In 1980, they were the team of the stickum and the Super Bowl.

There was cornerback Lester Hayes, slathered in goop, looking like something from the creature-feature lagoon. He had an NFL-best 13 interceptions and had four more that were called back because of penalties.

There was quarterback Jim Plunkett, the former Heisman Trophy winner, who went from the bench to the best in a matter of weeks.

There were John Matuszak, Mark van Eeghen, Cliff Branch, Gene Upshaw, Ted Hendricks, Bob Chandler, a team that would get better as the season went on. Pride and poise was their fitting motto.

Super Bowl XV final: Oakland 27, Philadelphia 10.

"It wasn't a fluke," says Tom Flores, who reached the top in his second season as Raider coach.

Now that the NFL has banned the use of stickum -- "Yes, Lester did kind of overwhelm himself with the stuff," Flores admits -- can the Raiders continue to stick it to the rest of the league?

"We're going to do the same things again this year. We don't change things just because we win the world championship," Flores says. "It is true that football is always changing and that you have to do new things to keep up with those changes, but we won't do anything crazy now."

Al Davis, managing general partner of the Raiders, says sincerely, "For the last three decades the Oakland Raiders have dominated pro football."

Through five games last season, however, the Raiders were not a team of domination but one of trepidation. After losses to San Diego, Buffalo and Kansas City, the Raiders were 2-3 and something less than super.

The fifth-game loss against the Chiefs was the Raiders' point of no return. Quarterback Dan Pastorini broke his leg and was replaced by Plunkett. The Raiders won the next six and, including the postseason, 13 of the next 15.

"Right now, Jim is our No. 1 quarterback. He deserves it with the way he played last year," says Flores. "He has much more confidence now than he did at this point last season. Of course, then he was playing with the second team."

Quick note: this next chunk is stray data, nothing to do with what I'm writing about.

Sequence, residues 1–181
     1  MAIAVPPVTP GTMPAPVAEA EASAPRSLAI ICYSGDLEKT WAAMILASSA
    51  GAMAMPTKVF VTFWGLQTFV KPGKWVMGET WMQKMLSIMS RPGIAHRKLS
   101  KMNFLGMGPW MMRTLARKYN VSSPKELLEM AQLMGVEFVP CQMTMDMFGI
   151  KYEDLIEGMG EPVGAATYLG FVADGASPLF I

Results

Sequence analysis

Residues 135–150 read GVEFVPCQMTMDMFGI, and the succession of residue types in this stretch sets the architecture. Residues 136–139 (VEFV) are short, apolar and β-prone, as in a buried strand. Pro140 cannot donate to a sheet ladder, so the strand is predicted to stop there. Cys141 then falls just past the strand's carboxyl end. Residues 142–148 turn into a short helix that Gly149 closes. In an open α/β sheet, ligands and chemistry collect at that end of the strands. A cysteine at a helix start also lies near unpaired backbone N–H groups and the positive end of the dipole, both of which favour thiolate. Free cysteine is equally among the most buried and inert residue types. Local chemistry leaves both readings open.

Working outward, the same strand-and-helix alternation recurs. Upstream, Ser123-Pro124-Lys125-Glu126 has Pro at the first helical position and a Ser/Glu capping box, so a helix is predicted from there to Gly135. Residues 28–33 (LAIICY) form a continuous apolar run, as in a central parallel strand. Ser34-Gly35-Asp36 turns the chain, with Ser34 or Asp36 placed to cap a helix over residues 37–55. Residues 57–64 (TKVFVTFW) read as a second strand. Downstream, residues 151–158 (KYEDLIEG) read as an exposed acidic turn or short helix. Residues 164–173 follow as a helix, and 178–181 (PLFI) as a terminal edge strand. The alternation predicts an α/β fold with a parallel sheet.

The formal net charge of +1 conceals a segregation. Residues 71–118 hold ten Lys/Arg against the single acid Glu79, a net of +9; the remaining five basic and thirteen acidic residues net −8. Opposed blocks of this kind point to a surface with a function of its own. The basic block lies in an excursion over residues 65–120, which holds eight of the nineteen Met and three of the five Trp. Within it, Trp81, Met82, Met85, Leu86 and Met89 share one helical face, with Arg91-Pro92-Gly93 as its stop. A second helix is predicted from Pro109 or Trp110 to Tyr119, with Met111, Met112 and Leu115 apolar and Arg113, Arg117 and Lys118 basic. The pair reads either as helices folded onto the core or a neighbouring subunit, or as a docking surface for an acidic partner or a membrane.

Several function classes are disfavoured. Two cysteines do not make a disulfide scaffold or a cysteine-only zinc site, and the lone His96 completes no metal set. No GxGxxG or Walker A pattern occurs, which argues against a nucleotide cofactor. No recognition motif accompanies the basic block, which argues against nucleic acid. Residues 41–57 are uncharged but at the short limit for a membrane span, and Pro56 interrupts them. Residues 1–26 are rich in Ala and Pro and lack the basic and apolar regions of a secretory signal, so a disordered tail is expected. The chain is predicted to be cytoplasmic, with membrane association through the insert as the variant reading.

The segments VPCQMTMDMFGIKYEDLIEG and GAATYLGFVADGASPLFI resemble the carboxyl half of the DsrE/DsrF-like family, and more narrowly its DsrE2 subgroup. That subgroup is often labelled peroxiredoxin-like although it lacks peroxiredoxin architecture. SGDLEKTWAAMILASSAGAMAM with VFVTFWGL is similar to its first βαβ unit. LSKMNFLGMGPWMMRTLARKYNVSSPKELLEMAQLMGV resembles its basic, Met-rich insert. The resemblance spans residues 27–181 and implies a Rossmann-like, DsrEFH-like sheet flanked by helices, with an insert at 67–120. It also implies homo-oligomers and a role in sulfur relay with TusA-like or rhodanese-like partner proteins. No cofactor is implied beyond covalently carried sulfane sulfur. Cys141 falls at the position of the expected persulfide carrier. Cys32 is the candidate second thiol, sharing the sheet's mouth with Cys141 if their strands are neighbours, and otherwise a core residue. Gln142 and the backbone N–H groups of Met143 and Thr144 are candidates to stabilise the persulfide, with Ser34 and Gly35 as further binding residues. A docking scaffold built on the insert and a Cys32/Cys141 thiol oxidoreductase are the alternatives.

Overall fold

Last season, Plunkett completed 51.6 percent of his passes, threw for 2,299 yards and 18 touchdowns and had 16 intercepted. But statistics are only a small part of it -- there are equal parts of intrigue and sentiment to his tale.

At Stanford, Plunkett won the Heisman Trophy. As a pro, he has frequently been injured and has considered retirement because of trades and demotions to the second team. He stayed.

Plunkett asked to be traded before last season, his ninth, but was kept because the Raiders wanted a solid backup to Pastorini in case something went wrong. It did.

His blind, widowed mother is dedicated to his career, which she follows from their hometown in nearby San Jose.

Jim Plunkett has endured and America likes a good success story. Now, he is a bit like his team: a favorite in 1981.

"I won the Heisman in college (in 1970), but the attention was nothing like this. I didn't realize what a big thing the Super Bowl has become," said Plunkett, who was named the most valuable player of the game, completing 13 of 21 passes for 261 yards and three touchdowns.

Pastorini is now healed, but he is not in the huddle. "The starting job is Jim's," he says. "I wouldn't get it unless something happened to him, and you don't wish that on anybody."

You wouldn't wish the Raiders on anybody, either.

"We played fundamentally good football last year," says Flores. "We had the big plays. We had the weapons."

On defense, linebackers Hendricks and Rod Martin (a record three Super Bowl interceptions), cornerbacks Hayes and Mike Davis, who intercepted Brian Sipe to eliminate Cleveland in the AFC playoffs, and end John Matuszak were dominant.

On offense, there were running back van Eeghen (838 yards), receivers Chandler (49 receptions) and Branch (44), Plunkett and a line nudged onward by veteran guard Upshaw.

The Raiders' top two picks this year are defensive back Ted Watts from Texas Tech and offensive tackle Curt Marsh from Washington.

Flores already seems to have a good idea who will be starting. It's a simple formula.

"We will have the same starting 11," he said, speaking of the 1980 Super Bowl-winning offense. "Now, we have more depth, too.

"Defensively, we are pretty much looking at the same lineup as last year, too. We should be more solid simply because last year we had five new faces in Dwayne O'Steen, Reggie Kinlaw, Matt Millen, Bob Nelson and Burgess Owens. Now, they have played a year together."

Flores is willing to repeat his lineups. His team seems ready to repeat its title.

"There's no reason why it can't be done again," says Plunkett.